If you have tested positive in the past 14 days or are showing mild symptoms of the COVID-19 disease, you wouldn’t be able to travel to Italy. The same is applicable if you have been in contact with a COVID-19 positive patient in the past 14 days.
You are liable to fiduciary isolation and health surveillance for the next 14 days.
Great Britain and Northern Ireland
If you have been in the UK in the 14 days prior to entry, you’ll not be permitted to enter Italy. This doesn’t apply to:
- passengers registered as residents in Italy before December 23, 2020
- passengers having a reason of absolute necessity
Will I need to quarantine in Italy?
Yes and no. Whether you would have to quarantine or not will depend on the country from which you are travelling.
Vatican City and Republic of San Marino will face no quarantine mandates on arrival in Italy.
If you arrive from other European countries, you’ll have to present a molecular or antigenic test carried out by means of a swab and a negative result within 72 hours before entering Italy. Alternatively, you’ll undergo a molecular or antigenic test within 48 hours of entering Italy and you’ll have to quarantine until your test results are out.
For anywhere else in the world, all arrivals — including EU and Italian citizens and their family members — must quarantine in Italy.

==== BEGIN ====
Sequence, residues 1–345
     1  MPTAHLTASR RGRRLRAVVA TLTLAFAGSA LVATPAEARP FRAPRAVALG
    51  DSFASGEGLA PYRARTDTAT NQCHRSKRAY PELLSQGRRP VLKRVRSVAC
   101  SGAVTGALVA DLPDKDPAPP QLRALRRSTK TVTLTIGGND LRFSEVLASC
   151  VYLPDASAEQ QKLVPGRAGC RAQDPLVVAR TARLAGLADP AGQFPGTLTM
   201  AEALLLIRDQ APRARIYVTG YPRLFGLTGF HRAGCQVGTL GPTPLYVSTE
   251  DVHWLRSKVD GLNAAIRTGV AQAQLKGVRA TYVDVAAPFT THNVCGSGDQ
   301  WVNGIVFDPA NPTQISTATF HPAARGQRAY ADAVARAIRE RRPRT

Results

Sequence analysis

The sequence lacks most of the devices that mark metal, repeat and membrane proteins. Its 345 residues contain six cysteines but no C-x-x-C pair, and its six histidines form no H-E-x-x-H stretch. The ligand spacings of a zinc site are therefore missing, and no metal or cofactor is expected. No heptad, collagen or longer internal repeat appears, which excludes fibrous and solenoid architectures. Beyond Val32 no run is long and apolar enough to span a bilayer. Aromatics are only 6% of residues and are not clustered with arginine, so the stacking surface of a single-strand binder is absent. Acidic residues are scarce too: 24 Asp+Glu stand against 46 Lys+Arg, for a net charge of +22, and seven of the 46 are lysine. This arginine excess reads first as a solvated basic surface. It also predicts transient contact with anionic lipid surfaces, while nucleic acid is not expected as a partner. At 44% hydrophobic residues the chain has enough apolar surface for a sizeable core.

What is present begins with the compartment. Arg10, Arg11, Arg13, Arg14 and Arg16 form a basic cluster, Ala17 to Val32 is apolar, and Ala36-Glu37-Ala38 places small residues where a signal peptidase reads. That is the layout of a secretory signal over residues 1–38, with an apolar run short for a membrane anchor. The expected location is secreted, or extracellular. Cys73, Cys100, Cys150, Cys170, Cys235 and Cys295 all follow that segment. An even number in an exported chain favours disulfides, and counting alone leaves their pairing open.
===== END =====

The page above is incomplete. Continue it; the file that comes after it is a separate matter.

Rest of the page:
All travellers need to fill out the self-declaration form to visit Italy. If quarantine is mandated, passengers can reach their final destination in Italy only in a private vehicle.
Are there flights to Italy?
With most of Europe being in the quarantine-less travel list, flights have been flying to and fro within the European Union. Even with a pandemic around the corner, flights have picked up pace steadily in Europe for non-essential travel as well.
Ryanair, British Airways, and other popular airlines are currently operating at international airports in Rome, Milan, Venice, and others. You can check Wego to see if flights are available from your country to Italy.Book Cheap flights to Italy on Wego
Is it safe to travel to Italy?
Italy has somewhat recovered from the early months of its fight against the coronavirus. Life had gone back to normal, albeit with ‘new normal’ attributes. Beaches, museums, and other public places had opened upon for tourists and locals as coronavirus cases kept dwindling.
In response, the Italian Health Ministry (content in Italian) ruled that masks and social distancing are mandatory in public enclosed places and most public places. It is now obligatory to wear a mask between 18:00 and 6:00, everywhere in the country.
Nightclubs and dance halls have also been shut down since. The country has additionally proposed mutual testing among EU member states at the airports to lower the chances of transmission.
Many regional authorities have also levied fine on those individuals, tourists and citizens alike, who flout the mask rule. You may find yourself paying a fine as hefty as €1,000 if you are seen without a mask, as reported in the city Salerno.